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    Real Strategy Requires Cunning

Ganbarenippon

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This is an astonishing piece of work. It's so obvious that you love your subject matter from the level of detail and how you turn even minor events into intricate, but never boring, plot points. I've read aars all over the place, and even written a few myself, and I always prefer details and a historical angle to the writing but this has blown me away. Fantastic work! I won't just be following but will be eagerly awaiting the next installment.
 
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JerseyGiants88

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Ganbarenippon, thanks for that high praise, I really appreciate it. I am trying to add some depth to events other than war so that the chapters when I'm at peace aren't just space fillers waiting for the next conflict to start up.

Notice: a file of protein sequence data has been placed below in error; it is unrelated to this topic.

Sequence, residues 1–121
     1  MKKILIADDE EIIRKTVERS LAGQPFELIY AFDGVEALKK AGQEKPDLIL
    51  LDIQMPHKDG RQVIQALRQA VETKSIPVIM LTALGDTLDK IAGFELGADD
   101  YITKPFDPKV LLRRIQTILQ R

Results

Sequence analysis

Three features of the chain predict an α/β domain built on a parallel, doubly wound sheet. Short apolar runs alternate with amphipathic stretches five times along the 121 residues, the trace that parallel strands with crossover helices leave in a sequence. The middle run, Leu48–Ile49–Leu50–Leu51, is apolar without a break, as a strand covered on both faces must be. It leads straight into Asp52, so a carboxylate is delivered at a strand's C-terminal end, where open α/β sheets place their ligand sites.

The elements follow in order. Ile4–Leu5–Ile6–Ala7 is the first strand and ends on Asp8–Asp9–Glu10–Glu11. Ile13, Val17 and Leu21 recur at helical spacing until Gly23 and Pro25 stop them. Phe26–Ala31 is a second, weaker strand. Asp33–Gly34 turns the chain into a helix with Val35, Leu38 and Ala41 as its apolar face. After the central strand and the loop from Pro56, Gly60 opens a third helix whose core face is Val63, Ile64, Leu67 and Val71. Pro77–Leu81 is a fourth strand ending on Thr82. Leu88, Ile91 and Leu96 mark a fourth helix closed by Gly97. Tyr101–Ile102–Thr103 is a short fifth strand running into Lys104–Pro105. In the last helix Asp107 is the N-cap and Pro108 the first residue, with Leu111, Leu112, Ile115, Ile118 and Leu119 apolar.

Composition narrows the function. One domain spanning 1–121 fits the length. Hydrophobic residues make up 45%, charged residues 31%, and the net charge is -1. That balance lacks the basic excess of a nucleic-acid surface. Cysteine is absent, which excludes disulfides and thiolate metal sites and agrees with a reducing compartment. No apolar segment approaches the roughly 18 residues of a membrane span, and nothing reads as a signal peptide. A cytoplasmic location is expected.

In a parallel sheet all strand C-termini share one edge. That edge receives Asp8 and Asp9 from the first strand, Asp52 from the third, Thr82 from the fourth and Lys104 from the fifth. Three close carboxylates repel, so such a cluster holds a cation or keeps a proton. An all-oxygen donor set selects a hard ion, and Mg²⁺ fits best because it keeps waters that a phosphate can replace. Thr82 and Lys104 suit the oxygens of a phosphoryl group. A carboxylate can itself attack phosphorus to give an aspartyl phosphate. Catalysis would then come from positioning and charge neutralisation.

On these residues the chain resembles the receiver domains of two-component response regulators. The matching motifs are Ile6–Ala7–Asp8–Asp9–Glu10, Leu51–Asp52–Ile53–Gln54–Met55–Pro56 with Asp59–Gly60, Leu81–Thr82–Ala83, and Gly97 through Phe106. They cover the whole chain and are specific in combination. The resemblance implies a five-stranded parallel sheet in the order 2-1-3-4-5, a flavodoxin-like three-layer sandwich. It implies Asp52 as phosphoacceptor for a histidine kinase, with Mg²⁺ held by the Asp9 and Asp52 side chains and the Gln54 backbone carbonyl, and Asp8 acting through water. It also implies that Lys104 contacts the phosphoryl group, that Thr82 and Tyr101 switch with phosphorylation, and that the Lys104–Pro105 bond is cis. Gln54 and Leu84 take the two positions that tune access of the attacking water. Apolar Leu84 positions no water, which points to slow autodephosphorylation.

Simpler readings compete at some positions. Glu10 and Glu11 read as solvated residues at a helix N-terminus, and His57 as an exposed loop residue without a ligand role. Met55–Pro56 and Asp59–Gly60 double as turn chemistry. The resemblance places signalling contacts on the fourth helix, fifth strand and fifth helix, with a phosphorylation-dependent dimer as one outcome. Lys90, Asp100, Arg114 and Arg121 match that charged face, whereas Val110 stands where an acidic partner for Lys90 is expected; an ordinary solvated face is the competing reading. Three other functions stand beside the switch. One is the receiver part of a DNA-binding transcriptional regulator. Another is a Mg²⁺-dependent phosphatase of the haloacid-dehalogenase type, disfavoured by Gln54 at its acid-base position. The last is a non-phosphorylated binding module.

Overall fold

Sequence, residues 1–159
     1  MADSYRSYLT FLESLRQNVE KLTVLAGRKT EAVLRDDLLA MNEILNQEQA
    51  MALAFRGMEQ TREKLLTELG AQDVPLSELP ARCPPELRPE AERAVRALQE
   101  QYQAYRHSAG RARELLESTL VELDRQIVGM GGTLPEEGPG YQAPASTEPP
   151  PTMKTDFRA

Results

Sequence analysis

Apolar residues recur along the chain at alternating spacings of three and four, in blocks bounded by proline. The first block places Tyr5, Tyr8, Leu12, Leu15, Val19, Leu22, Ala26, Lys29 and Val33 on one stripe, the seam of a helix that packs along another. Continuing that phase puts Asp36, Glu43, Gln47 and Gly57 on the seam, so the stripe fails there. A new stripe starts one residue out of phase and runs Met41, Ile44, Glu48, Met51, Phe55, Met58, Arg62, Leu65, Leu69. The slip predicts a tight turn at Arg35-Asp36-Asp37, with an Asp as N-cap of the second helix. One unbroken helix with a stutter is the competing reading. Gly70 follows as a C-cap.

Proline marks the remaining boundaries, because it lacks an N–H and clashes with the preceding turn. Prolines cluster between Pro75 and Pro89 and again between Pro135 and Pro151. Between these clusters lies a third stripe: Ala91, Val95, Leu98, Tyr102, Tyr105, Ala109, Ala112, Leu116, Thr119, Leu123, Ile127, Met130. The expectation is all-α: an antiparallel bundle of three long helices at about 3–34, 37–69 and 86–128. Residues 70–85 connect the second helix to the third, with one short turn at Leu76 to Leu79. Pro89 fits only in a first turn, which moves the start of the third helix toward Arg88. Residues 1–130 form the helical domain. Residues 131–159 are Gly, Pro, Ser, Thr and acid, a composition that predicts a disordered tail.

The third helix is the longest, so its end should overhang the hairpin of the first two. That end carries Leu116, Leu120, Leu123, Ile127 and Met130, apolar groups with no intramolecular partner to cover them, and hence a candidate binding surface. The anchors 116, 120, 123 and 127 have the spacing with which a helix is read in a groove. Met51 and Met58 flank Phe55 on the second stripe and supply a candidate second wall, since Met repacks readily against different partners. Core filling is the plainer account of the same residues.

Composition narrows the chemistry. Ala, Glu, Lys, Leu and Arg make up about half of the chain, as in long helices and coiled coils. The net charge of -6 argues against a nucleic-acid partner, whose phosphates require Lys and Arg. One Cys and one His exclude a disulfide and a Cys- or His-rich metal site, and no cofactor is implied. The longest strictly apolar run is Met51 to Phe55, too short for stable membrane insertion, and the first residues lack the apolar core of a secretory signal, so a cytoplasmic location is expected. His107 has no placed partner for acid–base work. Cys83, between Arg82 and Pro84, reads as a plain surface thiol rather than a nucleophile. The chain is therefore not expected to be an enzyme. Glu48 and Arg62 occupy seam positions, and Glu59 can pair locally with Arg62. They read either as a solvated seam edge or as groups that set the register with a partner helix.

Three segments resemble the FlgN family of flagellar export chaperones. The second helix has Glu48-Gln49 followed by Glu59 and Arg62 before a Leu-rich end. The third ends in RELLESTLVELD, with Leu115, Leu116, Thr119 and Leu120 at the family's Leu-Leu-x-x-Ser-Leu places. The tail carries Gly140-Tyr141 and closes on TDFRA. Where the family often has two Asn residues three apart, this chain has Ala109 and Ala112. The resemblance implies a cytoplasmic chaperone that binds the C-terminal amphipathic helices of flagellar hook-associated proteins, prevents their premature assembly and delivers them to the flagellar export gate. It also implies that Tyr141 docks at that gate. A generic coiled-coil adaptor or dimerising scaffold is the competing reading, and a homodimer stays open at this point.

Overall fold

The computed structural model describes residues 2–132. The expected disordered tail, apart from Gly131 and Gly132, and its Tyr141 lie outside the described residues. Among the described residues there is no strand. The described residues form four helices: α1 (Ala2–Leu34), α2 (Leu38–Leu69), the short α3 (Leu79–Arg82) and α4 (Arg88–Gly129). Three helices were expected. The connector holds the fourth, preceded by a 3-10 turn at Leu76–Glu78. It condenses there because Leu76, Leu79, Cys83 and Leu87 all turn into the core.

JerseyGiants88

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Chapter 11: A Revolution in Military Affairs, 1475-1484

By the late 15th Century, cannons had been in use in European warfare for over a century, with reports of their use dating back at least to the English siege of Calais in 1346. Over the following decades cannons continued to see use during sieges. The Ottoman Turks led the way with advancements in cannon technology. They shocked the world during the Siege of Constantinople of 1453 with their giant bombards, most notably the “Great Turkish Bombard” which required an operating crew of 200 men and 70 oxen, and 10,000 men to transport it.


Ottoman soldiers using a giant bombard during the Siege of Constantinople

However, the drawback of these weapons was that they were extremely heavy and unwieldy. The Turks led the way once again, with the development of the bronze cannon in 1477. The new bronze pieces were built smaller, making them more portable and allowing armies to use them on the battlefield. The Turks first unveiled their new bronze cannons in June of 1477, setting off a panic among European military commanders.



The Ottomans’ development of new bronze cannons set off an arms race in Europe